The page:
Grace loved life on Martha’s Vineyard, her family, her cats and selling Avon. She came from a simpler time and humble beginnings. Her foster mother, Mabel Hughes, a native of Oak Bluffs returned to Oak Bluffs from Hingham to care for her ailing mother when Grace was six. Mabel’s mother died shortly after Mabel’s return to Martha’s Vineyard, but she and Grace would stay on the Island for the rest of their lives. Her mother was active politically in the Women’s Christian Temperance Union and the Methodist Church. Mabel worked as a cook in several local restaurants and Inns. To help her mother make ends meet, Grace began working at the age of 13, setting up trays for patients and washing dishes at the Martha’s Vineyard Hospital, earning five dollars a week. It wasn’t until 1935 that their home would have electricity.
Despite the hard times they endured trying to make ends meet during The Depression, Grace loved living on the Island. On the weekends she would take a quarter she had earned from working and head downtown and indulge in an ice cream cone, a bag of popcorn, a couple of rides on the Flying Horses, and a quick swim at the Inkwell.
Grace would go on to graduate from Oak Bluffs High in 1936 with seven other students. Initially, after graduating, she worked inland, but always came back to the place she loved, Oak Bluffs. One summer she met and began dating her future husband, George C. Frye. George, his two brothers, and his father, George W. Frye, owned and operated a shoeshine and cobbler shop on Circuit Avenue. For 48 years this business flourished and acted as a social spot for men to gather and swap stories. Three generations of Fryes would work in the shop in the spot that would eventually become a part of Mad Martha’s.
When Grace met George, he was a widower with two small girls, Grace and Susan. They would marry in 1940 and later have a son, Vincent. While George worked in the cobbler shop, Grace raised her three children. She served as Secretary to the Trinity United Methodist Church and had secretarial jobs with the Better Homes and Gracious Living Clubs.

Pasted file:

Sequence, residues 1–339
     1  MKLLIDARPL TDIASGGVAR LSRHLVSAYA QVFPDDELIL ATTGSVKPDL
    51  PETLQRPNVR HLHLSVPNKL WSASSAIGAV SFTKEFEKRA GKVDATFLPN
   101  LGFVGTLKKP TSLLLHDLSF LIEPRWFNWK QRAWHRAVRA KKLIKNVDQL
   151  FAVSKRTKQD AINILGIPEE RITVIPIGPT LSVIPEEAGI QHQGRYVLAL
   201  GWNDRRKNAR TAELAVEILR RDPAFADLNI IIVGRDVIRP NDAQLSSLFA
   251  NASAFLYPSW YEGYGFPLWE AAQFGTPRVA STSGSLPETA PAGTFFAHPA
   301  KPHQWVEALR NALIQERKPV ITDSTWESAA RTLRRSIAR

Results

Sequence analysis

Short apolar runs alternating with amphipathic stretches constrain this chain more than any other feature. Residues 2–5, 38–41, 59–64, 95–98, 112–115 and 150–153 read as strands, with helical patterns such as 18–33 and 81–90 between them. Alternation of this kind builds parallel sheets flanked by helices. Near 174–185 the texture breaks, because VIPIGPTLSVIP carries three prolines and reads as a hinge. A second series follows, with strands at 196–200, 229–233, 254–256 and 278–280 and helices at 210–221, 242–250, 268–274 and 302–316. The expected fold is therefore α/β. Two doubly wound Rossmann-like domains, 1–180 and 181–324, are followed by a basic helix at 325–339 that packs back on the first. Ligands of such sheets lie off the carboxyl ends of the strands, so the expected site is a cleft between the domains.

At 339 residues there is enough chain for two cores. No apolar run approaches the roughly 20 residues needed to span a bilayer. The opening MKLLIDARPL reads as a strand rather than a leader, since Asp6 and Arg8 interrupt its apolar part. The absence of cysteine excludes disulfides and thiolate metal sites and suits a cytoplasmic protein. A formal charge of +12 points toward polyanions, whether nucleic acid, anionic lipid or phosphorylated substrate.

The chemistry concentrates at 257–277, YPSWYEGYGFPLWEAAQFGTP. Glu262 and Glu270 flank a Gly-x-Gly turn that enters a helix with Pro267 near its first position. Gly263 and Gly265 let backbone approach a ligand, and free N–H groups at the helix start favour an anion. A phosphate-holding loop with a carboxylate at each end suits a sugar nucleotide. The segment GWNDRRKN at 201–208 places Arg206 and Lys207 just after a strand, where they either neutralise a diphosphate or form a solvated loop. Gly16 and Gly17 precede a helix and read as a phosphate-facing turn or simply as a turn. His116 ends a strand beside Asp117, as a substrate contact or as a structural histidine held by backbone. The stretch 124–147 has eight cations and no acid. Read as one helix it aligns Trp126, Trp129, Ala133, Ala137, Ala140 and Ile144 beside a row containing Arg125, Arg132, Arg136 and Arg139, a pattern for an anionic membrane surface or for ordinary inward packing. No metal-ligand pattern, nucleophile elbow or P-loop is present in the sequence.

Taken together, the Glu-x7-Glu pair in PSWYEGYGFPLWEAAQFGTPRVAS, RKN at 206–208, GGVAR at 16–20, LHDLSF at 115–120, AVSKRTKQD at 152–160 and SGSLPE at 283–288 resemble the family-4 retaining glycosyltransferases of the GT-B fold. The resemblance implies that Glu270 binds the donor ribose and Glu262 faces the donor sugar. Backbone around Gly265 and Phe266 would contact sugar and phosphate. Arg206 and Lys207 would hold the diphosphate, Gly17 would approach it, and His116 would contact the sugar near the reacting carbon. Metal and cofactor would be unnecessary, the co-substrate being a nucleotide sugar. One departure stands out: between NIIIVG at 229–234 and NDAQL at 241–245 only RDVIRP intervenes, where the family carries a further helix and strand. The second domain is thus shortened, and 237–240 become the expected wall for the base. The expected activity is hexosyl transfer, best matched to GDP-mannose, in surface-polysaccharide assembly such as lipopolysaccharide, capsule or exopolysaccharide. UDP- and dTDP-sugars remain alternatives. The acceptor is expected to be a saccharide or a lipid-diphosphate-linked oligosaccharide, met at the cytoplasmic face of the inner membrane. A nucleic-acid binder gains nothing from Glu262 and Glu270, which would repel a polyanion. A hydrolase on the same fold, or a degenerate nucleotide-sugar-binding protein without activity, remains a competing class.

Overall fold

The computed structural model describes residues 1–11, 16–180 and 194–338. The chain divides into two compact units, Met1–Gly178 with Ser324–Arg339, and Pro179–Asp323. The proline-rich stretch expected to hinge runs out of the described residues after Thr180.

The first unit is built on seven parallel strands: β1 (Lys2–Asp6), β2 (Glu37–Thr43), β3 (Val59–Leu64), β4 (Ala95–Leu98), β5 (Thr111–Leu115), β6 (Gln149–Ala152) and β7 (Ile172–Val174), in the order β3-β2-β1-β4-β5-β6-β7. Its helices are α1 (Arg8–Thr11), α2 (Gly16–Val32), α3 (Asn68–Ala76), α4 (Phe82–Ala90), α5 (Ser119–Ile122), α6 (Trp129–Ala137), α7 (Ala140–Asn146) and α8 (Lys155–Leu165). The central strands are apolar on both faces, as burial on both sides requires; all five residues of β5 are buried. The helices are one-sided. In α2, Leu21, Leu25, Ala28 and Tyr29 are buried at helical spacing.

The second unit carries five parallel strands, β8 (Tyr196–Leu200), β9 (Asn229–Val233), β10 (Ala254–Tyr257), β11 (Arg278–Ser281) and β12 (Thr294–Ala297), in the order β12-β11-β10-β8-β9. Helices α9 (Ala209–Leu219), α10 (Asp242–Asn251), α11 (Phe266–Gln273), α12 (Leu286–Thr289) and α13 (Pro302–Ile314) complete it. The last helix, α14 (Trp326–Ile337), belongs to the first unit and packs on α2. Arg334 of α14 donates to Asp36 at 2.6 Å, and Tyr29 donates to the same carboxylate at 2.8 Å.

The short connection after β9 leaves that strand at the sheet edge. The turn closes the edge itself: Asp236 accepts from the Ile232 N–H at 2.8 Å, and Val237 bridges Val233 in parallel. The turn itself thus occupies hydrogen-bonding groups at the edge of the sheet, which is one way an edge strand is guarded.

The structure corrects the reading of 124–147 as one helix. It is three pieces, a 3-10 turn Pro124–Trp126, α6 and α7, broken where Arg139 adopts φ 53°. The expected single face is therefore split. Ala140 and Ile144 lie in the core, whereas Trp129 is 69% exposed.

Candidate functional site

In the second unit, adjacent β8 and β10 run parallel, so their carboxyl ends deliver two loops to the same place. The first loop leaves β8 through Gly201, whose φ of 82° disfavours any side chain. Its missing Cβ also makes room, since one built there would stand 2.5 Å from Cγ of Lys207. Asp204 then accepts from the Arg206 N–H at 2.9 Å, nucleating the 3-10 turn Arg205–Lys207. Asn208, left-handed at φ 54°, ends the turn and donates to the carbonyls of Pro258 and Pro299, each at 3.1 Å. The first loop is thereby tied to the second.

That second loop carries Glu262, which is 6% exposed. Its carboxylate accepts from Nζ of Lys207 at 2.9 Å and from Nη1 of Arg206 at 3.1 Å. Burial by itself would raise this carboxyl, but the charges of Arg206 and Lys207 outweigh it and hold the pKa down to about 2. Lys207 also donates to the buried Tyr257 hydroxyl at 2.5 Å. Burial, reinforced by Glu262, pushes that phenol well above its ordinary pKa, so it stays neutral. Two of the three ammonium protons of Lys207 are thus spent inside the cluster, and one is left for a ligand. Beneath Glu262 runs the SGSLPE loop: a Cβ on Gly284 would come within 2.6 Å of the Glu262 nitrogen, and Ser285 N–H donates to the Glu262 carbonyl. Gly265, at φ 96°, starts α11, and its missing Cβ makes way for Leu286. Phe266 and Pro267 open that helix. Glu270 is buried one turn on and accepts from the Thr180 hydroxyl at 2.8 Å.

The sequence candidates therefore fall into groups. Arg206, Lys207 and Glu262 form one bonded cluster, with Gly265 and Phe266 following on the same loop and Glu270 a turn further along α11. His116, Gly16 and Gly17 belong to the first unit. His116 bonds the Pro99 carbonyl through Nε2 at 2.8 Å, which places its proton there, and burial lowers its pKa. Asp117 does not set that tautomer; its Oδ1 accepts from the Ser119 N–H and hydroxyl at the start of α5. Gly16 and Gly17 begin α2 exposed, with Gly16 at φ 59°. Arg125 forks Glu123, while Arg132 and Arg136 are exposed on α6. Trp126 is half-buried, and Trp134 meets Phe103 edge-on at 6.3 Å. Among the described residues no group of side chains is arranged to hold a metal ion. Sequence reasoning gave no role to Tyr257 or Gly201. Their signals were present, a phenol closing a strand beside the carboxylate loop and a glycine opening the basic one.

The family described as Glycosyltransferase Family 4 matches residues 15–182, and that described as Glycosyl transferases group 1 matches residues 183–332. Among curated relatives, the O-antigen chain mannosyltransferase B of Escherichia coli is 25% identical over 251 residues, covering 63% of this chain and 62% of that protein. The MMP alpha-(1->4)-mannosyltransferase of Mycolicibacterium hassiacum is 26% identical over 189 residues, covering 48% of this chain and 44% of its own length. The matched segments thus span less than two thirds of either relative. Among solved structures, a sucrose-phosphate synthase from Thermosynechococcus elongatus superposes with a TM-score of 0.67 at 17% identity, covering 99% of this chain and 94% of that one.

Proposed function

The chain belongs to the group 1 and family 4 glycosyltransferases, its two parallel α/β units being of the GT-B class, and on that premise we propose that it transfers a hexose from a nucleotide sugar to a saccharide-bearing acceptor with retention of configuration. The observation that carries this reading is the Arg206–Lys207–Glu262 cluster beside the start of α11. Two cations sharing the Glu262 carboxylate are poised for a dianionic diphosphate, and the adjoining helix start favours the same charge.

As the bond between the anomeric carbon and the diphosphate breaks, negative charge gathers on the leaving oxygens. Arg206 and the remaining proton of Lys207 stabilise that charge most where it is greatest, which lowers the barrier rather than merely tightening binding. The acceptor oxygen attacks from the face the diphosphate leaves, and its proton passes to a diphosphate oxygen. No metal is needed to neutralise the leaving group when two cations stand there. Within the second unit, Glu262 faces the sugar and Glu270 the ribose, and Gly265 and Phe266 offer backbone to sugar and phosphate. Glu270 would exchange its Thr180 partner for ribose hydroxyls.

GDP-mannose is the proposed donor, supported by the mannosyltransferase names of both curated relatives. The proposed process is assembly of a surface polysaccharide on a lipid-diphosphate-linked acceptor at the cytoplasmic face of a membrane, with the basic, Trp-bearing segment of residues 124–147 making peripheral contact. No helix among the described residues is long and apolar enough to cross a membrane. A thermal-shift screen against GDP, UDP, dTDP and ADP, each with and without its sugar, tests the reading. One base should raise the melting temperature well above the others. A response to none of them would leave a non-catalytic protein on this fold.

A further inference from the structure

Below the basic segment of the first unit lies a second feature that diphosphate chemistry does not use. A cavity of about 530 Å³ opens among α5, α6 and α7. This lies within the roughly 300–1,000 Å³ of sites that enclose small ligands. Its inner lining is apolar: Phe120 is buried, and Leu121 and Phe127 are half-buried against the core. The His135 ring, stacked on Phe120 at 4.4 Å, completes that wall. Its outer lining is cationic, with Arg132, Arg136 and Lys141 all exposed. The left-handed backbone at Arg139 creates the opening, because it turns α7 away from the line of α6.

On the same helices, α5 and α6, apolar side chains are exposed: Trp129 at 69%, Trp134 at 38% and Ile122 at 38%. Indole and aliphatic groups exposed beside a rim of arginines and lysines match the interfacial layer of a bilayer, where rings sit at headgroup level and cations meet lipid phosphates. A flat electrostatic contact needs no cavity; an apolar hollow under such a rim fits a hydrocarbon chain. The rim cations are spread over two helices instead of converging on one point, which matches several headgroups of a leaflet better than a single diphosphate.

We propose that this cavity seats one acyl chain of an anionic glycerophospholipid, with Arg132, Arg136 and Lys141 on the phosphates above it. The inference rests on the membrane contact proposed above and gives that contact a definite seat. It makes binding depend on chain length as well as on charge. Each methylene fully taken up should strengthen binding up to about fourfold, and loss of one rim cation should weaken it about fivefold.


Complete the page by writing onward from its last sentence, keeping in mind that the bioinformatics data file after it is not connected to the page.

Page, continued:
She had an affinity for selling things and, based on a friend’s recommendation, she began selling Avon Products in 1956. She would go on to sell Avon Products for over 50 years, building up a loyal base of customers and winning countless awards. Her living room was filled with china cups and porcelain figurines for making the President’s Club and Honor Society sales goals. In 1995 she was awarded the sales district’s “Spirit of Avon” award for her lifelong service and accomplishments, and her attitude of giving, sharing, and selflessness. Avon would later give her a Tiffany gold watch for her years of service.
After her husband died in 1968, Grace never remarried. She focused on her family, her Siamese cats, the friends she had made on the Island, and taking in summer boarders. She took great pride in her house, and loved tending to her flowers. Grace also loved to travel, which often included an annual trip to California to visit her three children and a short stop in Reno or Las Vegas where she could indulge in a little gambling. Her travels would also take her to such far away places as Egypt, Panama, and Tahiti.
She is survived by her daughter Grace Reeves, son-in law Larkin Reeves, son Vincent Frye, her three grandsons, Edward Harris, Ralph Harding, and Frank Frye, and her two great grandchildren, Chelsea Harris and Eric Frazier, and great, great granddaughter, Eris Frazier.
A service was held on February 18, in the Chapman, Cole & Gleason Funeral Home, followed by burial in the Oak Grove Cemetery, Oak Bluffs.
In lieu of flowers, the family requests that Memorial donations may be made in Grace’s name to the Hospice of Martha’s Vineyard, P.O Box 2549. Oak Bluffs, MA 02557.